2020 Volume 17 Pages 25-29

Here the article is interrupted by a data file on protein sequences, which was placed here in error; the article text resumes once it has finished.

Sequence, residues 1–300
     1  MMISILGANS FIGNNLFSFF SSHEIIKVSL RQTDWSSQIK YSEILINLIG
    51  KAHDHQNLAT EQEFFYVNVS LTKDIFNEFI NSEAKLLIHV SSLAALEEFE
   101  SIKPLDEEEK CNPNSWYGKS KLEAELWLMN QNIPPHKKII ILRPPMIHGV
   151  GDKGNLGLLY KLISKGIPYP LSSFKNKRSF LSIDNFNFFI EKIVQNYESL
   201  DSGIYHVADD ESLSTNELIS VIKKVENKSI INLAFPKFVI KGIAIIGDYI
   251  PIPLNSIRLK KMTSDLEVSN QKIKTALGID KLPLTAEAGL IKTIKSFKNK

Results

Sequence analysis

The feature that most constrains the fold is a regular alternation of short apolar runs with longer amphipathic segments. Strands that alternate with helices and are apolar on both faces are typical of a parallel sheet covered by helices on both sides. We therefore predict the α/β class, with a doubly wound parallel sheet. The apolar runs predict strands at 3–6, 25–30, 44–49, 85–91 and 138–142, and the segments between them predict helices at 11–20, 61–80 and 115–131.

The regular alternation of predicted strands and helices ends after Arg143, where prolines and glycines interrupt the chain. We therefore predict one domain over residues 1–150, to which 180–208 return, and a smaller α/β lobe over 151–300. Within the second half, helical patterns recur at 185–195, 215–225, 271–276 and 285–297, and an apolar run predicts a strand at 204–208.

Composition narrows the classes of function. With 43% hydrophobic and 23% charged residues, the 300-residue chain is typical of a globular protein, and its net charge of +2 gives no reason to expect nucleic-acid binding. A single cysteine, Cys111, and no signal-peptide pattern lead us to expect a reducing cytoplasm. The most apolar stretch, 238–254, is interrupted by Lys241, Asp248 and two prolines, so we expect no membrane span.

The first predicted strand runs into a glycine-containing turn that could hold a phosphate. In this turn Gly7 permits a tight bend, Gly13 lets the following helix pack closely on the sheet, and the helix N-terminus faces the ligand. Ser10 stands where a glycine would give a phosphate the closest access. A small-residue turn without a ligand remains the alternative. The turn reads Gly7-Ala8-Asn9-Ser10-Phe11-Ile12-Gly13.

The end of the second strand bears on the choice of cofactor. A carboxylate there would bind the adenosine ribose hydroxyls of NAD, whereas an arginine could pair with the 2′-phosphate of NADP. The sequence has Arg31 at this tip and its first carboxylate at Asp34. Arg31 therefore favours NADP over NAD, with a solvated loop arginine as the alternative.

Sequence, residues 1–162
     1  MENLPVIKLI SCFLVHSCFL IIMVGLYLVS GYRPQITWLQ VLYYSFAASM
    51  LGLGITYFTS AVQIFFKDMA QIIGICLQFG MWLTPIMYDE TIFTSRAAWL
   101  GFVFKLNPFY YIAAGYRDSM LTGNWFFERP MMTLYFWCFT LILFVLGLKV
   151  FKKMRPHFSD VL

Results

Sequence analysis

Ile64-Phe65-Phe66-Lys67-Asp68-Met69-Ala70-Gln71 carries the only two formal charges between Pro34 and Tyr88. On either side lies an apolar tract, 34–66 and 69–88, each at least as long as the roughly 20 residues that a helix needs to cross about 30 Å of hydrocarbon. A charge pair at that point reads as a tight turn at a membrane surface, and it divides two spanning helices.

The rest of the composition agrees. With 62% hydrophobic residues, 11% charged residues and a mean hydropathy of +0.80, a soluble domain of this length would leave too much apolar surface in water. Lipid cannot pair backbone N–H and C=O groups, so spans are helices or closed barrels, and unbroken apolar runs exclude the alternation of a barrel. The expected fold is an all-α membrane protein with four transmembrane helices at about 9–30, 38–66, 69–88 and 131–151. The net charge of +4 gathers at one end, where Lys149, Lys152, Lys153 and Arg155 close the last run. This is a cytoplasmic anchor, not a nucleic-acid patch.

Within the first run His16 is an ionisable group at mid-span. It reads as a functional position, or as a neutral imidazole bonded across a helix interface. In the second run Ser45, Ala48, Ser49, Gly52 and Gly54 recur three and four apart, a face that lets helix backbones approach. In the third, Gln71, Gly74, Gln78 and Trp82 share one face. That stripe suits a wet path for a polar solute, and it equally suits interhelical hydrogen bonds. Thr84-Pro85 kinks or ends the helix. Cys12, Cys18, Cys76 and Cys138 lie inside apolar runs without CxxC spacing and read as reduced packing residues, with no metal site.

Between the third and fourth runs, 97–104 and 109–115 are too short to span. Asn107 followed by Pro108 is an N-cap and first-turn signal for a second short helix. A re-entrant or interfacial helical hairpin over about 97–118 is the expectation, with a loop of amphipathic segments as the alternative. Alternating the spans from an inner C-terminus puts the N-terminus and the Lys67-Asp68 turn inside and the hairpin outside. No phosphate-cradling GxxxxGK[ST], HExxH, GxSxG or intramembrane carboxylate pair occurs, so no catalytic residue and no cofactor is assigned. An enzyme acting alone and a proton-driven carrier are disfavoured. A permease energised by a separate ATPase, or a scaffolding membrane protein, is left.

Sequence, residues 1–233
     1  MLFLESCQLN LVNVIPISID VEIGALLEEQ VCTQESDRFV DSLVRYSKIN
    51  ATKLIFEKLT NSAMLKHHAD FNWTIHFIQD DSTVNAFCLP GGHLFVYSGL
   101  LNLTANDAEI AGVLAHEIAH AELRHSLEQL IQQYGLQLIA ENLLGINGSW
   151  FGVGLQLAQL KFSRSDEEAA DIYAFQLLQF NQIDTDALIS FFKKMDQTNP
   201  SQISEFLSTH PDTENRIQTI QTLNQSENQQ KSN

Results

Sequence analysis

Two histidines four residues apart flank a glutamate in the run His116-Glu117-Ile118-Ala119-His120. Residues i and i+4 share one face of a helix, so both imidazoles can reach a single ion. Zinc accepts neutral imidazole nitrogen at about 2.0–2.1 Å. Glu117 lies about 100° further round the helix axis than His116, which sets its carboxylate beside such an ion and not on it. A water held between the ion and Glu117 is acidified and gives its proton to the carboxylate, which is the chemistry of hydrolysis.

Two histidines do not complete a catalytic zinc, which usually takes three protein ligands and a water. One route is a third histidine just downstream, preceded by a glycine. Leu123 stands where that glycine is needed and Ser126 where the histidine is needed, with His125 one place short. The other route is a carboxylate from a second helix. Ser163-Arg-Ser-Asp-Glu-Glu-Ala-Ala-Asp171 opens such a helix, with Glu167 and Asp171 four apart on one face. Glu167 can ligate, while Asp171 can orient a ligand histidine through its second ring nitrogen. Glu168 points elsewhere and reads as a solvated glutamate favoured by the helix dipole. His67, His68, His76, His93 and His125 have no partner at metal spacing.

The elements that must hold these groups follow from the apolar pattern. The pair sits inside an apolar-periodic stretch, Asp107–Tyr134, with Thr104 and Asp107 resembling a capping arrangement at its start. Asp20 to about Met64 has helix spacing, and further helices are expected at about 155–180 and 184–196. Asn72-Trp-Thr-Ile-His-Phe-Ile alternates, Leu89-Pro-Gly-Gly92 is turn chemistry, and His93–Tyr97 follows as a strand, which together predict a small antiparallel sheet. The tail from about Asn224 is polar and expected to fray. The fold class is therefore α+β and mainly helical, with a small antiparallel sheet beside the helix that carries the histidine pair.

Low-complexity (LC) sequences, regions that are predominantly made up of limited amino acids, are often observed in eukaryotic nuclear proteins. The role of these LC sequences has remained unclear for decades. Recent studies have shown that LC sequences are important in the formation of membrane-less organelles via liquid–liquid phase separation (LLPS). The RNA binding protein, fused in sarcoma (FUS), is the most widely studied of the proteins that undergo LLPS. It forms droplets, fibers, or hydrogels using its LC sequences. The N-terminal LC sequence of FUS is made up of Ser, Tyr, Gly, and Gln, which form a labile cross-β polymer core while the C-terminal Arg-Gly-Gly repeats accelerate LLPS. Normally, FUS localizes to the nucleus via the nuclear import receptor karyopherin β2 (Kapβ2) with the help of its C-terminal proline-tyrosine nuclear localization signal (PY-NLS). Recent findings revealed that Kapβ2 blocks FUS mediated LLPS, suggesting that Kapβ2 is not only a transport protein but also a chaperone which regulates LLPS during the formation of membrane-less organelles. In this review, we discuss the effects of the nuclear import receptors on LLPS.